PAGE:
As far as other tasks in Pondhead are concerned, we wish to make a start on the renovation of the ramson (wild garlic) area next to Limewood which was decimated by Forestry England operations in the winter but the random piles of timber and brash that clutter the area need to be cleared first. Despite repeated emails on this subject by ourselves, they have been completely ignored by FE! Interstingly, we held a Trustee Meeting in the woodland recently when I think it fair to say that all present were not impressed at the state the area has been left in. This is an issue that we won’t let go away – it’s not just us but many of our regular vistors are dismayed at the damage done with little regard for biodiversity. We’ll keep you updated.
With regard to Limewood, work has already commenced on their sewerage processing plant which will eventually be routed underneath the gravel ride leading from their rear pedestrian gate by the former ramsons area down towards our Beechen Lane entrance. The work is confined to inside their perimeter fence at present and it is a condition of their planning consent that there must be a meeting with other parties, including PCT and Natural England, before work commences inside the inclosure so that any disruption during the work can be kept to a minimum and suitable precautions are put in place to protect ride edges, etc.
Until the weather changed and we went from heatwave back to winter in the space of a week, we witnessed the welcome return of more species of butterfly, including White Admirals and Silver-washed Fritillaries. We have also heard nightjars churring during the daytime and roding Woodcocks have been spotted on evening walks around the inclosure. Both birds are rarely seen as they are crepuscular birds, meaning they are most active at dawn and dusk. While the nightjar flies here from Africa each summer to breed, much of the woodcock population is resident throughout the year. It is during the male woodcock’s breeding display flight, known as roding, that it’s most frequently seen. These roding flights usually take place between April and June when the males patrol large areas, flying over the tree line and along rides, as they compete to attract the attention of females. There have also been occasional badger sightings during daylight hours.
Unfortunately deer numbers also appear to be on the increase with much browsing of unprotected hazel stools in evidence, particularly on the ride edges alongside the coupe we cut last in Rosie Close/Smokey Hole. Fortunately the high standard of construction of these dead woven hedges by our volunteers has ensured that deer haven’t managed to get into the coupe to do any damage. It’s only in the past few years that we have been constructing these woven hedges but they have proved themselves in terms of deer protection and the older ones now have bramble, honeysuckle, etc. growing through which is gradually transforming them into natural hedge barriers around the coupes. In addition to the usual roe and muntjac population, a few fallow deer have been spotted recently and these are capable of doing more significant damage – hopefully they will return from whence they came.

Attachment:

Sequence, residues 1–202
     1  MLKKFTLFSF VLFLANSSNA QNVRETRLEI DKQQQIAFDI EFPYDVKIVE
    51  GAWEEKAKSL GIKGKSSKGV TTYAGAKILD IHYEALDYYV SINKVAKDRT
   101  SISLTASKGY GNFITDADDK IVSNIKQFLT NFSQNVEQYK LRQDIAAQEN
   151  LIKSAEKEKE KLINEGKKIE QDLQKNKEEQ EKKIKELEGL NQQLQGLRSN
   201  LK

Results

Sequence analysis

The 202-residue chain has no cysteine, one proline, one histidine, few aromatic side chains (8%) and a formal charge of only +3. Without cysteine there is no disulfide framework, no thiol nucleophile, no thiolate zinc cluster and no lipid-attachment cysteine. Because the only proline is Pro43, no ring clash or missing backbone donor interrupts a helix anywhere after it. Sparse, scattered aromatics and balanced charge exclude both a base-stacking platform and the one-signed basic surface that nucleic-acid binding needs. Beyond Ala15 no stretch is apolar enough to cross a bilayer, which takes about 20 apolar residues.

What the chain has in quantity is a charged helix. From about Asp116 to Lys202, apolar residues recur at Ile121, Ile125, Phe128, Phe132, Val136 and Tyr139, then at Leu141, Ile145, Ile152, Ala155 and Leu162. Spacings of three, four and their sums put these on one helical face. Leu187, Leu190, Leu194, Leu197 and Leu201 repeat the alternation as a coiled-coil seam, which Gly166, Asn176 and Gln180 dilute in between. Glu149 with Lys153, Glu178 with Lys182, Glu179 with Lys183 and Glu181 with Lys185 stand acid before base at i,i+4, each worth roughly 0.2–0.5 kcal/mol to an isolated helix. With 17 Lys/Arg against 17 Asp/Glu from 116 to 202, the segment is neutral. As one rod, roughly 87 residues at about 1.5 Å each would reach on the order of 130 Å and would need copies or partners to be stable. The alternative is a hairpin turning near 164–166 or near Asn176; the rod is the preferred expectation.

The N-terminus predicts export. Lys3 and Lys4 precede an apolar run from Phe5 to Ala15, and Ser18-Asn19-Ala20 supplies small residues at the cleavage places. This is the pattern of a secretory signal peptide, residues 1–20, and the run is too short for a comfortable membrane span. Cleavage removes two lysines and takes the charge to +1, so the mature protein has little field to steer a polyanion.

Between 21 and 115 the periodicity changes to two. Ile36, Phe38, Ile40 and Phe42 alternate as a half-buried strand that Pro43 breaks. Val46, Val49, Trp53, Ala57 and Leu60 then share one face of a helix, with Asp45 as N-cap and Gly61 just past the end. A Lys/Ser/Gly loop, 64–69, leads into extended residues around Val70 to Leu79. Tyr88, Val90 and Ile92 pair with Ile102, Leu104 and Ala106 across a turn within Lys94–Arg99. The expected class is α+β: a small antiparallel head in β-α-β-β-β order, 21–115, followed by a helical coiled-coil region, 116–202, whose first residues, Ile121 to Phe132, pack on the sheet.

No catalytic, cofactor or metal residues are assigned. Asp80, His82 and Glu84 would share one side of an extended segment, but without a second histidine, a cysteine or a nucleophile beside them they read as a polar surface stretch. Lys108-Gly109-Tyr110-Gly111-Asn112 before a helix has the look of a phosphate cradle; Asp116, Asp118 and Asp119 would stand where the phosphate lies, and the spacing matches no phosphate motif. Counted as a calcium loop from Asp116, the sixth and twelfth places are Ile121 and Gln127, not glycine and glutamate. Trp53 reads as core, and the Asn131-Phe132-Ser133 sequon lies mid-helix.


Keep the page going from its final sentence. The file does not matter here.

For those of you active on social media, we continue to post on our Facebook and Instagram pages. Anyone who joins the Pondhead group on Facebook can make a post if you see something of interest, so why not join and feel free to post/comment on other posts. Interestingly, since lockdown we have had a significant increase in the number of new members joining, most of whom are from the general public interested in the work we are doing – members of our FB group now total 278 and are increasing as I type.
Finally, we do not know when things will get back to normal in Pondhead. While our “Covid Bubble” of volunteers is keeping things ticking over during the summer we hope to be able to start our conservation and cutting programme in early September. However, if current regulations remain in place, it is most likely that tasks will be limited to six volunteers although we may operate with more tasks per week to compensate. As with many things at present, it’s all up in the air and there is much that could change in the meantime. However, our prime concern will always be the health and wellbeing of our volunteers.
Stay safe everyone.